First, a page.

ROWE, Anthony (d.1704), of Whitehall.

Published in The History of Parliament: the House of Commons 1660-1690, ed. B.D. Henning, 1983
Available from Boydell and Brewer



5 Mar. - 12 Nov. 1690
20 Nov. - 20 Dec. 1693
16 Jan. - 20 Mar. 1701

Family and Education

2nd s. of Sir Thomas Rowe of Muswell Hill, Mdx. and Swarford, Oxon. by Anne, da. of Anthony Langton of Littleton, Worcs. m. Mary, da. of Robert Manley, merchant, of Stepney, Mdx., 3da.1

Offices Held

Commr. for assessment, Mdx. 1677-80, Mdx. and Westminster 1689-90; j.p. Mdx. 1689-d., dep. lt. 1692-d.; capt. of militia horse, Westminster by 1697-d.; keeper of wild-fowl, St. James’s Park by 1700-d.; ranger, Hyde Park 1702-3.2

Adjutant to the Duke of Monmouth 1678-83; farmer of hearth-tax 1679-84; granitor of the stables 1684-?Nov. 1688, avenor 1689-94; asst. Mines Co. 1693; clerk-comptroller of the green cloth 1694-d.3


Rowe was descended from Sir Thomas Rowe, lord mayor of London 1568-9. He was a cousin of Sir Thomas Roe, the diplomat, who sat for Oxford University in the Long Parliament until he was given leave to go abroad, but none of the family appears to have taken part in the Civil War.4

‘A man of loose principles’, Rowe attached himself to the Duke of Monmouth, and became his adjutant during the Flanders campaign of 1678. In August, together with Nathaniel Johnson and three other partners, he was granted a lease of the hearth-tax for five years, commencing at Michaelmas 1679, with the usual substantial advance to the crown. The original contract, as negotiated by Danby, would have required the farmers to pay in the bulk of their surplus at the end of their term; but a modification arranged with Lord Rochester (Laurence Hyde) on behalf of the Treasury in 1681, and the increased efficiency in administration that followed, brought them a substantial profit. Lord Halifax (Sir George Savile) accused Rochester of corruption, but a full-scale investigation of the farmers’ accounts launched in the early months of 1683 had not been completed when the lease expired, largely owing to their delays and evasions. Nevertheless, according to Lord Ailesbury (Thomas Bruce) Rowe remained a warm and indiscreet partisan of Monmouth, attending his ‘progress’ in 1682, and going about the coffee-houses to deny his master’s confession and to assert that the Rye House Plot was ‘nothing but state policy ... to take away the lives of so many noble and worthy patriots and assertors of the Protestant Church, because they had so bravely opposed a Popish successor’. The King told him that he was only harming Monmouth’s interest, but nevertheless continued to employ him in the royal stables under the commission set up when his master was stripped of his offices. Rowe and James Vernon were arrested on Monmouth’s invasion in 1685, but soon released, and in March 1688 he was granted a general pardon excluding only his hearth-tax accounts.5

During the Revolution Rowe was one of the first Whigs to go over over to William of Orange, who employed him, together with William Harbord and the Earl of Wiltshire (Charles Powlett II), to superintend the collection of crown revenue in the West. He may have seized the opportunity to seek a Cornish borough, and at the general election of 1689 he was returned for Penryn. An inactive Member of the Convention, he was appointed to only five committees and acted as teller in three divisions. His real political importance, however, was as a Whig publicist. Acting in conjunction with Lord Lovelace (John Lovelace), he presented a petition on 2 Feb. ‘from great numbers of persons for crowning the Prince and Princess of Orange King and Queen’, to which Edward Seymour objected as an attempt by the mob to influence parliamentary debates. Under the new regime Rowe was promoted to avenor, or gentleman of the horse. No more speeches on his part are recorded, but on 13 May he probably introduced a petition from his brother, Sir Thomas Rowe, who was a Middlesex magistrate, concerning the poor. It was referred to the committee considering the bill to establish suburban ‘courts of conscience’ for small claims, to which he was added. On 23 July he acted as teller against a Tory amendment to the bill for restoring corporations. In the second session he devoted himself to the case of Sir Thomas Armstrong, another unsavoury associate of Monmouth’s. He was among those appointed to hear a petition from his widow and to reverse his attainder, and together with Charles Godfrey gave evidence to the House of Lords investigation. On 19 Dec. he was appointed to the revived committee for restoring corporations, and he supported the disabling clause. On 21 Jan. 1690 he acted as teller for excepting whole groups rather than individuals from the indemnity bill.6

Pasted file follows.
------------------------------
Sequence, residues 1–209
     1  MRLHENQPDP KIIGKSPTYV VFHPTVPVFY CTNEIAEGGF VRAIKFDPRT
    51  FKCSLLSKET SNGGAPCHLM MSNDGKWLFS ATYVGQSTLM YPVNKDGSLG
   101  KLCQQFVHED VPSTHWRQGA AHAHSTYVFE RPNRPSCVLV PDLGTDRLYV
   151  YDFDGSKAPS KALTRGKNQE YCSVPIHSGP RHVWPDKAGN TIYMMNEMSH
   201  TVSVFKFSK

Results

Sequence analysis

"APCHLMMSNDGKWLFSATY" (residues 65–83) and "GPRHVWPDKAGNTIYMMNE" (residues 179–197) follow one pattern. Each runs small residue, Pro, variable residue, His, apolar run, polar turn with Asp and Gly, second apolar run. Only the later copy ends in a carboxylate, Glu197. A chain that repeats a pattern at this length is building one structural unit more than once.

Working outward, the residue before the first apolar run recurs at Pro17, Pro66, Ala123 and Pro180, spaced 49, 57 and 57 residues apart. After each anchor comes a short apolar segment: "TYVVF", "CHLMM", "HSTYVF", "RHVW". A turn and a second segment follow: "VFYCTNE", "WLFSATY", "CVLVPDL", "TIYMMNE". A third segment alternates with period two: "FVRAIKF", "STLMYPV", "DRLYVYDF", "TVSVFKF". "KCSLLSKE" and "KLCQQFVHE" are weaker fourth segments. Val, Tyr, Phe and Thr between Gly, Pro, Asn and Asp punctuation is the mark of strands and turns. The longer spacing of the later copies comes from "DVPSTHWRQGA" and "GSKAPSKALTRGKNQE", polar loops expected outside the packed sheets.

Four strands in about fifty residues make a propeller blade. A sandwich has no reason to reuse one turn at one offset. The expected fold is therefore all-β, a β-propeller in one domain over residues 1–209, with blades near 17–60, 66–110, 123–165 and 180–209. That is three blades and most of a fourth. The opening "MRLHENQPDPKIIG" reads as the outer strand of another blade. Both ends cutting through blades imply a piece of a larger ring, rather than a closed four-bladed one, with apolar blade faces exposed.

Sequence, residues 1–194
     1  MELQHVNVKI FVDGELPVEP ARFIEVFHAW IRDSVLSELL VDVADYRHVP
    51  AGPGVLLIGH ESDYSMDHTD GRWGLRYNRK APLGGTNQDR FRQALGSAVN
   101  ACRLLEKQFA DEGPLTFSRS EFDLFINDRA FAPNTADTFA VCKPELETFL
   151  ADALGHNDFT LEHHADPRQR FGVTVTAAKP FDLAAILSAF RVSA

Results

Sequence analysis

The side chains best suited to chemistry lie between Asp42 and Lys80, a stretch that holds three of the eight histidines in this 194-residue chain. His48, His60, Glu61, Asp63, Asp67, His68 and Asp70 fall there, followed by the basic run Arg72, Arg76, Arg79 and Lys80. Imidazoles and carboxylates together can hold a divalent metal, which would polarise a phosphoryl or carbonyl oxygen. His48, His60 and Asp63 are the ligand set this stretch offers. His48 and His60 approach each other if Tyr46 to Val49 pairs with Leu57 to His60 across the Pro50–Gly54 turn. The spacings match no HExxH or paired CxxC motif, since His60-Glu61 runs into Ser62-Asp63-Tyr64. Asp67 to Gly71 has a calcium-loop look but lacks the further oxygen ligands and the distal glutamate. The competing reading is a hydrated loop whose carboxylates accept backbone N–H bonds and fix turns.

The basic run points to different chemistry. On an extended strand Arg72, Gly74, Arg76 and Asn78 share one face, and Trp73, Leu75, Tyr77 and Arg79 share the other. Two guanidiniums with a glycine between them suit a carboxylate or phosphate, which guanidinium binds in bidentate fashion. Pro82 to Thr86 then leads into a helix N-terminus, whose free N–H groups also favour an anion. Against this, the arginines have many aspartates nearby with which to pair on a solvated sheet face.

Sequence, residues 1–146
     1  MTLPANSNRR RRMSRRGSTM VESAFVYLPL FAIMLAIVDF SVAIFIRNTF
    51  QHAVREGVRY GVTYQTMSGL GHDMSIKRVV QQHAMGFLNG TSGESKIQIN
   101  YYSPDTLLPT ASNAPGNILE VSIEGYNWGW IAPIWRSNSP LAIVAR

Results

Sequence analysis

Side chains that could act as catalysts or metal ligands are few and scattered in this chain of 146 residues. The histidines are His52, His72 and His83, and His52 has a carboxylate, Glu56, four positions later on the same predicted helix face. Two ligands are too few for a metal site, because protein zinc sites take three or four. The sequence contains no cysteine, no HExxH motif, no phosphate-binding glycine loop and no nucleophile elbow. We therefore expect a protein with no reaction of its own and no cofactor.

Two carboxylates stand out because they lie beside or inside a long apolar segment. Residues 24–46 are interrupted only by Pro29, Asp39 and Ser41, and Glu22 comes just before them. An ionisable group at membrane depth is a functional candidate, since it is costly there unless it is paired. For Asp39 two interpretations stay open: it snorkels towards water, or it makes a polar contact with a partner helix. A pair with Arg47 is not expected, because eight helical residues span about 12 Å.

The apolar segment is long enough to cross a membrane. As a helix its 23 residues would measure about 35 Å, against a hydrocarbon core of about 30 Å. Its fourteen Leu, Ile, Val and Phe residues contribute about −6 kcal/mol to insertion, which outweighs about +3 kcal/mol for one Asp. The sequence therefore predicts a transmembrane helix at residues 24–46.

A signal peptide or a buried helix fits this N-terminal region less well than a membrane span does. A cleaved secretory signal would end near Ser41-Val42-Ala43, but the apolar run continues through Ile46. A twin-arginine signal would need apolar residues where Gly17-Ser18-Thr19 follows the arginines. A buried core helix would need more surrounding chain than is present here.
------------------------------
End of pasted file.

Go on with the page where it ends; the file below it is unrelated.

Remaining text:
After the dissolution of the Convention Rowe published a black list of the Members who had voted to agree with the Lords that the throne was not vacant, with the evident intention of influencing the general election. His own electoral career can hardly be described as successful; he won three elections as a court Whig, but was each time unseated for bribery. He was buried at Hackney on 9 Sept. 1704, the last of the family.7

Ref Volumes: 1660-1690

Author: Eveline Cruickshanks


  • 1. W. Robinson, Hackney, ii. 10-11; PCC 61 Penn; CSP Dom. 1654-5, p. 20.
  • 2. Mdx. RO, MJP/CP5a; Eg. 1626, f. 32; Luttrell, v. 144, 293.
  • 3. CSP Dom. 1678, p. 141; 1693, p. 207; Cal. Treas. Bks. v. 845; Luttrell, i. 503; iii. 303; LS13/231/28.
  • 4. Lysons, Environs, iii. 52; Keeler, Long Parl. 325.
  • 5. Ailesbury Mems. 84; CSP Dom. 1678, p. 293; 1682, p. 429; 1685, p. 231; D. Chandaman, Eng. Pub. Revenue, 101-4, Cal. Treas. Bks. viii. 1817.
  • 6. Ellis Corresp. ii. 324; Luttrell, i. 477, Grey, ix. 45; CJ, x. 233, 292, 338, LJ, xiv. 382-3.
  • 7. IHR Bull. lii. 39-40; Luttrell, v. 462; Lysons, ii. 506.